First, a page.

In a nation where politics is predominantly determined by the power of symbolisms (remember Churchill’s ‘half-clad naked fakeer’- Gandhi), the declaration of Mrs. Patil’s candidature last evening is seen as nothing short of ‘a political masterstroke’: her triple-identification- as a lady, a Maratha and a Rajput- has in one masterly move, resolved all outstanding issues with the Left and the NCP, and put paid to the NDA’s aspirations of sneaking their man into Rashtrapati Bhavan. The ultimate credit for this, ofcourse, belongs to Mrs. Sonia Gandhi. More than anything else, this decision shows her astute understanding, and total mastery, of coalitional politics. After the debacle at UP, this is perhaps just what the Congress- and the Country- needed.
Yet Mrs. Patil’s candidature also raises an important, if somewhat disturbing, question: should the Presidency of India really be about the curriculum vitae of the person- his or her stature, character, personal achievement, service record- who aspires to that office; or is it about the various politically expedient ‘symbolisms’ associated with that person’s elevation? Put differently, is Mrs. Patil our likely President because of who she is- and what she has done- as a person, or because of the various identities she evokes- of a woman, a Maratha and a Rajput? I believe it has to do with a bit of both. Frankly, I don’t see anything wrong with that. To paraphrase Henry Kissinger’s comment on Nelson Rockefeller, another presidential aspirant, “in high public office, it doesn’t matter how a person gets there but what he (or she) did after they got there.”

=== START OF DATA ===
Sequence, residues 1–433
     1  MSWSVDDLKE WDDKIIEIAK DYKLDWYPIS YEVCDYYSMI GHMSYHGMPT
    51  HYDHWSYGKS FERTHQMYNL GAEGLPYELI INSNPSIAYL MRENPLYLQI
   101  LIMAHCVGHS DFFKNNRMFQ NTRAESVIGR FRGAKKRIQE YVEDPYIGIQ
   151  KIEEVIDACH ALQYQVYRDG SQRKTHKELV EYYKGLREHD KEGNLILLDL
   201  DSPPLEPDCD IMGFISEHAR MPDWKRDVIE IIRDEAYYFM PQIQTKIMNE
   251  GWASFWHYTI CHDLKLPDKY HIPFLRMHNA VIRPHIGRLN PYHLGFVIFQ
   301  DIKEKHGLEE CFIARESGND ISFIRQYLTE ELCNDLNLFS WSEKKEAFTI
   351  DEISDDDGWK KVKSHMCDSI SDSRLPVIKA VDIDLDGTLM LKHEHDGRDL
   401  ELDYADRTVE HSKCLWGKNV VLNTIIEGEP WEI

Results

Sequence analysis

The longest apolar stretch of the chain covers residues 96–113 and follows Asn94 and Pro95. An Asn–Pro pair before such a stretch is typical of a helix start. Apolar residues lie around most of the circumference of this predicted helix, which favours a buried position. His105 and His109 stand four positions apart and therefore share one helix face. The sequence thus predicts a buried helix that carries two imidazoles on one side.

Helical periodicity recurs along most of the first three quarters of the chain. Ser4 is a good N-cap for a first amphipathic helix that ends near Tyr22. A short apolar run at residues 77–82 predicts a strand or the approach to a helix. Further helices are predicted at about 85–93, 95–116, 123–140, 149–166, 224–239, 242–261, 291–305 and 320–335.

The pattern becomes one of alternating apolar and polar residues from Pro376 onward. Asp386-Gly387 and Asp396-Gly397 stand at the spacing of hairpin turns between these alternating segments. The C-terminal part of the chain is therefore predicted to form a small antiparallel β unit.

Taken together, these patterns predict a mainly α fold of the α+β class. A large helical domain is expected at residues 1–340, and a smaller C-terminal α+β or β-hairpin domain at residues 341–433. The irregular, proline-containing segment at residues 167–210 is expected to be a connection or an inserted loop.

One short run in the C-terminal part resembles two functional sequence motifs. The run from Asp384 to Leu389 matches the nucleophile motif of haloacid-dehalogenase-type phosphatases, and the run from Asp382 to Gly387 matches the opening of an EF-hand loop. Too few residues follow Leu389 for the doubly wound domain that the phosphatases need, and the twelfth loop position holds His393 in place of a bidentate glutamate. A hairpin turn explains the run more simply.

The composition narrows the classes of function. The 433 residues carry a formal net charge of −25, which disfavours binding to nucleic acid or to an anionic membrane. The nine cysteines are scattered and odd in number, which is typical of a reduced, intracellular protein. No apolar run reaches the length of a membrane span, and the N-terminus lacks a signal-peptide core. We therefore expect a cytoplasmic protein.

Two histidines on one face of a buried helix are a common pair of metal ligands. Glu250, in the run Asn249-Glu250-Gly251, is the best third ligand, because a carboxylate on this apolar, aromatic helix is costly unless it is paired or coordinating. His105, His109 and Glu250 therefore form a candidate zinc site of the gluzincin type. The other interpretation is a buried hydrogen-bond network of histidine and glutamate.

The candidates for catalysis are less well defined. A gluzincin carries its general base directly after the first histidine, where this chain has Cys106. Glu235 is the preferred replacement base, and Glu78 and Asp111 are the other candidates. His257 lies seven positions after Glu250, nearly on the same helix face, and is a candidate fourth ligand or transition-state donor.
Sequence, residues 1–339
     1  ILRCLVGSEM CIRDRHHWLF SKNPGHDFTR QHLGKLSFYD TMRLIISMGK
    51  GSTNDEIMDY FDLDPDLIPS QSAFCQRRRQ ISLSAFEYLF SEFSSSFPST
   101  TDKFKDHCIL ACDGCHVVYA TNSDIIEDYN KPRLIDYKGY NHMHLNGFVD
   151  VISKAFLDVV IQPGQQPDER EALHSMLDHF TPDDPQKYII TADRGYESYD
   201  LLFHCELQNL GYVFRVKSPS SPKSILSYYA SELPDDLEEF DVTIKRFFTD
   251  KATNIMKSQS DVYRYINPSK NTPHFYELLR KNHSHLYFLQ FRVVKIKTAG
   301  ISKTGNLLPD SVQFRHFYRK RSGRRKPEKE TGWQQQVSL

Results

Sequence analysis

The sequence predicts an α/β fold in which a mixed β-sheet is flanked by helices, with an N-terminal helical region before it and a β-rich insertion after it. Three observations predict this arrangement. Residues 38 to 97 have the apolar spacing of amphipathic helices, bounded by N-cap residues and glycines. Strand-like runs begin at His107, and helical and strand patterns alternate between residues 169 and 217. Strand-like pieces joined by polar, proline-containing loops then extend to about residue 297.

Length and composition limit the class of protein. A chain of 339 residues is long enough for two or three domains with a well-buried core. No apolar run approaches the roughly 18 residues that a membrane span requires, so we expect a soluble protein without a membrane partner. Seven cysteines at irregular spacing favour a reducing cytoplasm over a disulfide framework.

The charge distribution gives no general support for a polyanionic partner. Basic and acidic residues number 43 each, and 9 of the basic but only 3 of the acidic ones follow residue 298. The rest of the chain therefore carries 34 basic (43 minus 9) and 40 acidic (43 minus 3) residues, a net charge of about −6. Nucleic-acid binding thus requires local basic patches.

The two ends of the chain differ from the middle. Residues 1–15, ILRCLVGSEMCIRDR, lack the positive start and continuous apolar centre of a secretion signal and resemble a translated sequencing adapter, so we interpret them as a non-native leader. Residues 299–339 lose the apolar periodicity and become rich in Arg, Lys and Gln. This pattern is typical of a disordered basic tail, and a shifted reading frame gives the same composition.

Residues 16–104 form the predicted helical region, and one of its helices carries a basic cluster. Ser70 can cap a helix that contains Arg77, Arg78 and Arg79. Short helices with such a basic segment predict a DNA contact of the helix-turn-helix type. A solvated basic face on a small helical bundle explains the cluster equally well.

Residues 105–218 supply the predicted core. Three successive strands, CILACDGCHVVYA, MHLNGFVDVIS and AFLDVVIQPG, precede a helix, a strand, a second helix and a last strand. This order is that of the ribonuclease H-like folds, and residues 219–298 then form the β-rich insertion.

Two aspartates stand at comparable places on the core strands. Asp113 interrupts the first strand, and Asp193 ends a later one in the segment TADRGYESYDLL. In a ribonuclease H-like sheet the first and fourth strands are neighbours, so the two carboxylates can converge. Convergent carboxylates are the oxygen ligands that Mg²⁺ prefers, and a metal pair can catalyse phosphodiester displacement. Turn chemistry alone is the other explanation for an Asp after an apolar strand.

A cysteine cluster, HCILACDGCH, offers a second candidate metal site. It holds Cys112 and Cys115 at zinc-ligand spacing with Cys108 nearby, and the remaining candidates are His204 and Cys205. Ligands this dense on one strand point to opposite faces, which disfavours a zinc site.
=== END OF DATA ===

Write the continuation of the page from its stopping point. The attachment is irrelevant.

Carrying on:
It is true that Mrs. Patil has found her way into our history books, largely because of what the British novelist, Somerset Maugham labeled ‘the force of circumstance’; how History will remember her, however, will depend entirely on how she discharges ‘the burden and the glory’ of the highest political office of the nation.
Saturday, June 16, 2007